Appellant first argues that a question asked by Detective Wrozier was prejudicial because it suggested that he had committed other crimes and was evidence of bad character:
DET. WROZIER [to Allen]: [The victim] described [the molestation] all in detail. And that you had told her that you had also done this to your other daughter who does not live with you, a daughter by a previous marriage, I believe. And that, you know, she enjoyed, so [the victim] should enjoy it.
We reject his argument. Statements made to the victim during the course of a crime are admissible as evidence of motive, scheme, design, or method of operation of the appellant. Bell v. State, 234 Ga. 473 (216 SE2d 279) (1975)
. These statements are admissible "notwithstanding the fact they may show other criminal conduct on the part of the one who made the statement." Potts v. State, 241 Ga. 67
, 73 (4) (243 SE2d 510
The second statement of which appellant complains was intended as an exculpatory statement on his own behalf. During questioning, appellant explained that his ex-wife had been harassing him trying to get custody of their daughter so her new husband could adopt her. Appellant, in his statement, said that sometimes she would accuse him of using drugs. On appeal he argues that this statement should have been excluded because it was evidence of other crimes and of bad character. We disagree. Appellant volunteered this information. The statement was not an admission that appellant used drugs. It amounted to a possible explanation for why the victim would accuse him of molesting her. We therefore find it highly probable that this statement did not contribute to the verdict. See Florence v. State, 162 Ga. App. 830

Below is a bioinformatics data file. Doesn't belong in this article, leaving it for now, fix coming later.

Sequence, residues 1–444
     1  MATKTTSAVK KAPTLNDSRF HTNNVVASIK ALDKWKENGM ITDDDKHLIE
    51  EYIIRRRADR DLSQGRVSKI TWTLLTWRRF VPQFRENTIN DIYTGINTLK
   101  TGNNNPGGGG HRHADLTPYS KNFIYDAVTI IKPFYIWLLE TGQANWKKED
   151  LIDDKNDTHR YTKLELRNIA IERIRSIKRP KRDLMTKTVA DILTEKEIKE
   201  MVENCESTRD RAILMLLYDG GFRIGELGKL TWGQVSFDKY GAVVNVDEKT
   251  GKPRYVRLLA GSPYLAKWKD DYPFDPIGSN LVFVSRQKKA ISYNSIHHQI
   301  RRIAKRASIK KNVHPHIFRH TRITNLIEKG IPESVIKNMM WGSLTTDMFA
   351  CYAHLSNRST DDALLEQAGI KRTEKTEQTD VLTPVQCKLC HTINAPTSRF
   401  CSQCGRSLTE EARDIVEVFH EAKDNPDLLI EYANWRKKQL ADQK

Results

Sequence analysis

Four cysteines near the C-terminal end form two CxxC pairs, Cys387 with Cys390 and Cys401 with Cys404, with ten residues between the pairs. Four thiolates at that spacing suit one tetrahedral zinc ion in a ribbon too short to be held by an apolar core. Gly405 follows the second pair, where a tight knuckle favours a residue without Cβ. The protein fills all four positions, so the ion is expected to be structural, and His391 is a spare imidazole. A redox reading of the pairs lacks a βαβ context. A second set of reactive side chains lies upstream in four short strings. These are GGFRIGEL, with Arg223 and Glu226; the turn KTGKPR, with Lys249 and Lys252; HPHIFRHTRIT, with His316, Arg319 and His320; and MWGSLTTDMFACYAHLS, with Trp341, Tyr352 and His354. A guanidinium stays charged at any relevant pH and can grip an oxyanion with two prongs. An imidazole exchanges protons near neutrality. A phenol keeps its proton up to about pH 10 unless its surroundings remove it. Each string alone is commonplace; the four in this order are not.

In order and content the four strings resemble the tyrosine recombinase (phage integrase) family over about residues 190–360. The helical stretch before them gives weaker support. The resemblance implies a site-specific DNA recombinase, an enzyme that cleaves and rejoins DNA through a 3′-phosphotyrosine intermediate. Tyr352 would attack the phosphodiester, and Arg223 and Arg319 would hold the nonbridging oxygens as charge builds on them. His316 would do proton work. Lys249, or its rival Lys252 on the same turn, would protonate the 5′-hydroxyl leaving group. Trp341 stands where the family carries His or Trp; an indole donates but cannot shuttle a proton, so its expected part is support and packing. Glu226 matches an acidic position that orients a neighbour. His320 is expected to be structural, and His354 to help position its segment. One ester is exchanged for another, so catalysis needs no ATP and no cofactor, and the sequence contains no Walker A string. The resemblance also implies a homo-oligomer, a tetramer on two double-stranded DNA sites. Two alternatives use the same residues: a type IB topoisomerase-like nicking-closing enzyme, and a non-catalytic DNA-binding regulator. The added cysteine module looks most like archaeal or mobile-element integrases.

, 832 (1) (292 SE2d 923
4. In his final enumeration of error, appellant claims that his sixth amendment right to effective assistance of counsel was denied. The trial court denied appellant's claim of ineffective assistance of counsel originally raised in appellant's amended motion for new trial. To prove an ineffective assistance of counsel claim, appellant must show that counsel's performance was not reasonable under the circumstances and that there is a reasonable probability that, but for counsel's errors, the results of the proceeding would have been different. Strickland v. Washington, 466 U. S. 668 (104 SC 2052, 80 LE2d 674) (1984).
As appellant contends, the gist of his complaint is that trial counsel failed to argue to the jury certain crucial facts which were probative of innocence. Defense counsel, however, is given wide latitude in making closing arguments. Kornegay v. State, 174 Ga. App. 279 (329 SE2d 601) (1985)
. This Court will not, with benefit of hindsight, second-guess defense trial strategies in closing arguments. Absent a strong showing that counsel's actions were not reasonable, we will presume that these strategies were not deficient. Strickland, supra at 689.
Appellant cites numerous examples of trial counsel's alleged deficiency but fails to show how any of these acts prejudiced his defense. This Court will "indulge a strong presumption that [trial] counsel's conduct falls within the wide range of reasonable professional assistance." Id. Appellant must show that his trial counsel was so ineffective that it deprived him of a fair trial. Appellant has made no such showing; we find no merit in appellant's arguments.
Thomas J. Charron, District Attorney, Debra A. Bernes, Nancy I. Jordan, Rose L. Wing, Assistant District Attorneys, for appellee.